You generally cannot deduct spending on capital assets immediately; instead you claim the cost over time, reflecting the asset’s depreciation (or decline in value).
A depreciating asset is one that has a limited effective life and can be reasonably expected to decline in value over the time period it is being used. Land, trading stock and some intangible assets are not depreciating assets.
To calculate your depreciation deduction for most assets you apply the general depreciation rules, unless you are eligible to use the simplified depreciation method, generally for small businesses. The general depreciation rules set the amounts (capital allowances) that can be claimed, based on the assets effective life.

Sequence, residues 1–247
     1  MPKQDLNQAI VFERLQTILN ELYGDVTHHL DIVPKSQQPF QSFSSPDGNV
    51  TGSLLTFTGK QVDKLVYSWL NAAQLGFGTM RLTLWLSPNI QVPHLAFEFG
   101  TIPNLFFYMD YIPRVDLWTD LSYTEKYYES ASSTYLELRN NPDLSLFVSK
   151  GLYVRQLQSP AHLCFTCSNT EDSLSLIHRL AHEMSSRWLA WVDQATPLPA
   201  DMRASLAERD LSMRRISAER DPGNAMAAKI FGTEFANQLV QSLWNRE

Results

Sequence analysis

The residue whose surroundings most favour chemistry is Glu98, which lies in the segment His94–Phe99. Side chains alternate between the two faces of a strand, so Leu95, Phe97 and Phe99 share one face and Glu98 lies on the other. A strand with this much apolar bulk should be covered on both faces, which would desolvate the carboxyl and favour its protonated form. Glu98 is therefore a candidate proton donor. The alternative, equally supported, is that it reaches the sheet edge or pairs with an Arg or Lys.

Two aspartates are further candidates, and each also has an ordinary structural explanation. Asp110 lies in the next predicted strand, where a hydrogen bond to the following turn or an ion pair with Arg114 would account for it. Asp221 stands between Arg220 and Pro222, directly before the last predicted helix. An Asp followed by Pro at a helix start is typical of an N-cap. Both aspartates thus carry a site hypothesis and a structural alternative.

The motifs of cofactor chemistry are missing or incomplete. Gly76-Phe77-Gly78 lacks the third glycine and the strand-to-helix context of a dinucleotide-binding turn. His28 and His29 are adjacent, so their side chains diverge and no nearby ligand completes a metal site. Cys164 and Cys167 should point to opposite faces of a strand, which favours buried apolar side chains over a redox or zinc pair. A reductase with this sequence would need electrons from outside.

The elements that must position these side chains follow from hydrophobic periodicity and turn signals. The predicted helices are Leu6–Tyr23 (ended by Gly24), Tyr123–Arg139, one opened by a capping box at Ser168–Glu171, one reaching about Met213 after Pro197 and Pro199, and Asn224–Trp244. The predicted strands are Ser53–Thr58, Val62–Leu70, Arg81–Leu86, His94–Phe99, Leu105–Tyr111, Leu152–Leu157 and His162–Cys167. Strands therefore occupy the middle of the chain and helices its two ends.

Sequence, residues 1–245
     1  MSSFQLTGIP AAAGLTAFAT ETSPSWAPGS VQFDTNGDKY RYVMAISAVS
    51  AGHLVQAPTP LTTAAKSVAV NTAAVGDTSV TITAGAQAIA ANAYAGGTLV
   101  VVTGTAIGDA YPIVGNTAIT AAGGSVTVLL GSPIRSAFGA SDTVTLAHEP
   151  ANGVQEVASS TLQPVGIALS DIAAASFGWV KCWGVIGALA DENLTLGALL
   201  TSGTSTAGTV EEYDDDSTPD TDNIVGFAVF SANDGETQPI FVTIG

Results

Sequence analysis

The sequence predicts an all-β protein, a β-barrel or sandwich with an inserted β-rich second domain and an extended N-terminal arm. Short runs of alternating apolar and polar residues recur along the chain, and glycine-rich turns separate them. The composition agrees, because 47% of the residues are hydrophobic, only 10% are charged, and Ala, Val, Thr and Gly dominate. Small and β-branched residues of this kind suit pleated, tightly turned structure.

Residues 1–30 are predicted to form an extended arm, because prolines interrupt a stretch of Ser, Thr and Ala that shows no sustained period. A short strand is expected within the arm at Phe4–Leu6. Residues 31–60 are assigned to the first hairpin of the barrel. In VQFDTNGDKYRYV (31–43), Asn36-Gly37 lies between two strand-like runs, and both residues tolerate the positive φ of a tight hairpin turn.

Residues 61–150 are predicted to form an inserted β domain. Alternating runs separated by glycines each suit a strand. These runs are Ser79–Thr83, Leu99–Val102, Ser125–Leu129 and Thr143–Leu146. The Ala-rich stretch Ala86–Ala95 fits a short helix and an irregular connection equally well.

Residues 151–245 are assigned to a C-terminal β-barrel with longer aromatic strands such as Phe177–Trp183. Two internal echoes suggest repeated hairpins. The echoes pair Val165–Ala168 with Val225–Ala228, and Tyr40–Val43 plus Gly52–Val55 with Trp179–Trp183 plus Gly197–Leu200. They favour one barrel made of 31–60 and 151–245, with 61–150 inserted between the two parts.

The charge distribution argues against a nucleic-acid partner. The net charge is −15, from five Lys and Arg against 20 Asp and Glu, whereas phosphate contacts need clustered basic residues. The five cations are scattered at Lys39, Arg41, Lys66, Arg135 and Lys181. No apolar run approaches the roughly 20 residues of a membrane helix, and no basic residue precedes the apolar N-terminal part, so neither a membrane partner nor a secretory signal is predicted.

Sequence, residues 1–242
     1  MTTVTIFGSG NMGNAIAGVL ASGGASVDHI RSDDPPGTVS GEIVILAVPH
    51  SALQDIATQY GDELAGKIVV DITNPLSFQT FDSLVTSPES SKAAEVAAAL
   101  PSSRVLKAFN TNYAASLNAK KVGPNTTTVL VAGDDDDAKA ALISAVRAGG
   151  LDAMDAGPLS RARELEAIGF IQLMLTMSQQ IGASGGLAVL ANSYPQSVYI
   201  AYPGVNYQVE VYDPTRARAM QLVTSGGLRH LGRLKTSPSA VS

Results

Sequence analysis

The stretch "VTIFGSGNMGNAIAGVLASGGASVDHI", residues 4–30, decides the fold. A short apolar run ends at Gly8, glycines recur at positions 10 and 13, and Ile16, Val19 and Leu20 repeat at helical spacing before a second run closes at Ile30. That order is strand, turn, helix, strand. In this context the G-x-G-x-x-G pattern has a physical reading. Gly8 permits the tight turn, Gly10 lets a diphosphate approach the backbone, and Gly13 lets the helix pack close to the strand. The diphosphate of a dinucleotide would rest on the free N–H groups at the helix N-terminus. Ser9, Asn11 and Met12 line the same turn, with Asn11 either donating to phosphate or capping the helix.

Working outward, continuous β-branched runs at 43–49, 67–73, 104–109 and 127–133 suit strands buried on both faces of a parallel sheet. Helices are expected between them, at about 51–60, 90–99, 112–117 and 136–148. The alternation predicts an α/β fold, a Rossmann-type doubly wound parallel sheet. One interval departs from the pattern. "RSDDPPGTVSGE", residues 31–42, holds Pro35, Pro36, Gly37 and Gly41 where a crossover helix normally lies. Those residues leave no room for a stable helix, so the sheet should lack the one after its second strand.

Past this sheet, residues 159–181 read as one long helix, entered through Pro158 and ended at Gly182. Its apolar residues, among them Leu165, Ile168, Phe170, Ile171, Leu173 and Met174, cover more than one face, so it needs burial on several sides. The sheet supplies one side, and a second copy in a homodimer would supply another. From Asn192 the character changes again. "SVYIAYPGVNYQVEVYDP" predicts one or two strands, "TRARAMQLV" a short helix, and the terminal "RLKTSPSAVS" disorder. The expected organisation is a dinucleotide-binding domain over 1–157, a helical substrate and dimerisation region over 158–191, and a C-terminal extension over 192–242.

The general depreciation rules are:
- Prime Cost Method – Assumes that the value of a depreciating asset decreases uniformly over its effective life
- Diminishing Value Method – Assumes that the value of a depreciating asset decreases more in the early years of its effective life
To calculate depreciation for most assets for a particular income year you can use the decline in value calculator which compares results of these two methods